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As social exclusion and racial discrimination are highly tied to policing practices, it is essential that a reduction of discriminatory policing be part of the larger discussion on addressing social inequalities in developed nations. In Germany, the lack of data disaggregated by race and ethnicity means that there are no figures on the extent of racially or ethnically based discrimination. Germany presents a unique case for examining the collection of disaggregated data due largely to the term race, or Rasse, having negative connotations due to the misuse of such data during the Nazi era.
This talk will focus on the potential ability of data disaggregated by race and ethnicity to reduce discriminatory policing in Germany, with a particular focus on ‘stop and search.’ Stop and search is a crime-prevention practice existing in both Germany and the UK which allows police officers to stop individuals they suspect of committing a crime, carrying a weapon, possessing stolen property, or carrying drugs. In Germany, federal police have the added power to stop a person suspected of committing an immigration violation.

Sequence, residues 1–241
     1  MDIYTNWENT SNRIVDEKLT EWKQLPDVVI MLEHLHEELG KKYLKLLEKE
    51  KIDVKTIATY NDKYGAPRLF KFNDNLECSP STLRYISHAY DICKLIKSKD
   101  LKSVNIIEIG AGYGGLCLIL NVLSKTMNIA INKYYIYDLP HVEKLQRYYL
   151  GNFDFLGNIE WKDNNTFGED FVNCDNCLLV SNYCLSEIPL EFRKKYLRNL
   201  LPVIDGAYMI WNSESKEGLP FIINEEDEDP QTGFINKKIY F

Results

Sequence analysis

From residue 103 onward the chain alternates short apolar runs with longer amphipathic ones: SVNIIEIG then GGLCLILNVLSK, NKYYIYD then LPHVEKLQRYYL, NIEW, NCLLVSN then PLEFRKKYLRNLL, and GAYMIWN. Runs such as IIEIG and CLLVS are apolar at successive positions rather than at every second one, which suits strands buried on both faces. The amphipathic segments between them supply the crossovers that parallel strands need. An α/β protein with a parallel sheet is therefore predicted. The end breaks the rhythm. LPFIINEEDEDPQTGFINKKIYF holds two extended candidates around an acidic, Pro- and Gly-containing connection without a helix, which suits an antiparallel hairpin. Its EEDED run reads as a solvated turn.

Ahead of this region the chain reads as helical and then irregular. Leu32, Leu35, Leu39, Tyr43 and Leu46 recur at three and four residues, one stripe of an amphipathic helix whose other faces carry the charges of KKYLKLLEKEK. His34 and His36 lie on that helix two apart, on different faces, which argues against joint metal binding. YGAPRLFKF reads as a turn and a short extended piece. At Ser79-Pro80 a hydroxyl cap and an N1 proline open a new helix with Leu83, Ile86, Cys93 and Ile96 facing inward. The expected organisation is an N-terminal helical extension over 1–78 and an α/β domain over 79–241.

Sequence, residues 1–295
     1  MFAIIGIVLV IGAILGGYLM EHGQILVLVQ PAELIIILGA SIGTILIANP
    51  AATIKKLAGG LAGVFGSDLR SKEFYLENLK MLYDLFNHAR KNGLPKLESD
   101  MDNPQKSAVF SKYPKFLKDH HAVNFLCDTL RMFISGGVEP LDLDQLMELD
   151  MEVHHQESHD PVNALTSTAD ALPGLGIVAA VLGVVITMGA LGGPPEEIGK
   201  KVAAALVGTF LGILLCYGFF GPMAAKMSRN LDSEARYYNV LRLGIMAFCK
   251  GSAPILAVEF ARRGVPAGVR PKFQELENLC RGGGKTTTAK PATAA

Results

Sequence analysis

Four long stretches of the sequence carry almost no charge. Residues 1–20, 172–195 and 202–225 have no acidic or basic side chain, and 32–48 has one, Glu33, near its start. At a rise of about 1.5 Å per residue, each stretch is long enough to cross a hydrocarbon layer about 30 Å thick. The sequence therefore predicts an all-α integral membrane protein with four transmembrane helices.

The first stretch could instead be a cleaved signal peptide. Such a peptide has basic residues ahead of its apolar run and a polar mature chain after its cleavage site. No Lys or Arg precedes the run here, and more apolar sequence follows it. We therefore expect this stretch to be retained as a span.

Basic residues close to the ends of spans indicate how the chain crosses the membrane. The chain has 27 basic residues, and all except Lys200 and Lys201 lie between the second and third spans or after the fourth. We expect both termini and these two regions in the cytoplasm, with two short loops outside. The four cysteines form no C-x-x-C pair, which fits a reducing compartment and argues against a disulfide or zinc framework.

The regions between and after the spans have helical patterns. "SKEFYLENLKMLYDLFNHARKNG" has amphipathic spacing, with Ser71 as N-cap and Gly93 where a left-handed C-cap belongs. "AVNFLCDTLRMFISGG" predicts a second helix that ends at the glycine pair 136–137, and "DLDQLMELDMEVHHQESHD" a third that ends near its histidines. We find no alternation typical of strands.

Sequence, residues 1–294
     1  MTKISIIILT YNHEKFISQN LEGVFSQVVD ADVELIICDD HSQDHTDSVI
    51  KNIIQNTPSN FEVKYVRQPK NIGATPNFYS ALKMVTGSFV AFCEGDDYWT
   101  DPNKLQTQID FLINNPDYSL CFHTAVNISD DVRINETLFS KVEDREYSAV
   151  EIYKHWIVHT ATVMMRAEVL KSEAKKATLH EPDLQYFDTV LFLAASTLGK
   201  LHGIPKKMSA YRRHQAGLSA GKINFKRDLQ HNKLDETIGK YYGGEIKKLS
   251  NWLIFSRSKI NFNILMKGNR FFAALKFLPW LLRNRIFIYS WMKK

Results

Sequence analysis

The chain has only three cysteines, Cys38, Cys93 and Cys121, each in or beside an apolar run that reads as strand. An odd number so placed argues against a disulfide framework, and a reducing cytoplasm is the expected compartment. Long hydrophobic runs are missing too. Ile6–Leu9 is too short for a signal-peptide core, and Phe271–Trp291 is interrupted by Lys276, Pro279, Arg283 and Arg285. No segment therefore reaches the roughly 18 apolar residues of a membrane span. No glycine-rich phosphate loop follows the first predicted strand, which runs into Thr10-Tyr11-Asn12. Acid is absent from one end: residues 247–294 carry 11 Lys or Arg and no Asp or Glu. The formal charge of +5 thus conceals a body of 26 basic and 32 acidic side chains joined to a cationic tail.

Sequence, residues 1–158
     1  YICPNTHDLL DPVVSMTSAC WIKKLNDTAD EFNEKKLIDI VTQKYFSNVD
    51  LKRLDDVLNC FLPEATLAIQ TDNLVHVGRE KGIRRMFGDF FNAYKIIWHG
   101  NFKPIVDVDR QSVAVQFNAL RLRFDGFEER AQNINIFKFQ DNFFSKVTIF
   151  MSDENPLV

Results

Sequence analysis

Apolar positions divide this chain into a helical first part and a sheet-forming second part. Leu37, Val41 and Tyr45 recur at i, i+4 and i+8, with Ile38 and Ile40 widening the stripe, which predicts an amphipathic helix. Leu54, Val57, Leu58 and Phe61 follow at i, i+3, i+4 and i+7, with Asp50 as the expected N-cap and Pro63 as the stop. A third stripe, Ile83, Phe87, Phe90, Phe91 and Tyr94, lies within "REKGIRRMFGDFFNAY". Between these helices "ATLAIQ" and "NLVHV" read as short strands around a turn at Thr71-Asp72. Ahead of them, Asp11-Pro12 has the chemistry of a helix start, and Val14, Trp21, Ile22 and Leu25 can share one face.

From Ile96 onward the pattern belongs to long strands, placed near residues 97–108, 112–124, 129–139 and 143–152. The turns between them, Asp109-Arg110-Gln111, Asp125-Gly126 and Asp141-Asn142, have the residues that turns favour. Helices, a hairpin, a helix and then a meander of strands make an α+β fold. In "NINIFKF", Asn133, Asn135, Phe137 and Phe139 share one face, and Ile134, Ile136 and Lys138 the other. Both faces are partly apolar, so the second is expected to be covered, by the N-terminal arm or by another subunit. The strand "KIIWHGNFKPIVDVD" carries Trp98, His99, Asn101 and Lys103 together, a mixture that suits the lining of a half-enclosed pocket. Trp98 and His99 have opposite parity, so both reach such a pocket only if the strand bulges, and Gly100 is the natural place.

In the UK – due to pressure from civil society organisations, academics, and government officials – data has been collected during police procedures, allowing for a monitoring and evaluation of discriminatory policing practices. Unfortunately, such an empirically driven policy approach is not currently possible in Germany. This talk will argue that, as a first step, a policy based off the UK approach towards data collection be implemented in Germany to incorporate, rather than ignore, Germany’s diverse identities, and to allow for empirically driven and more effective policing.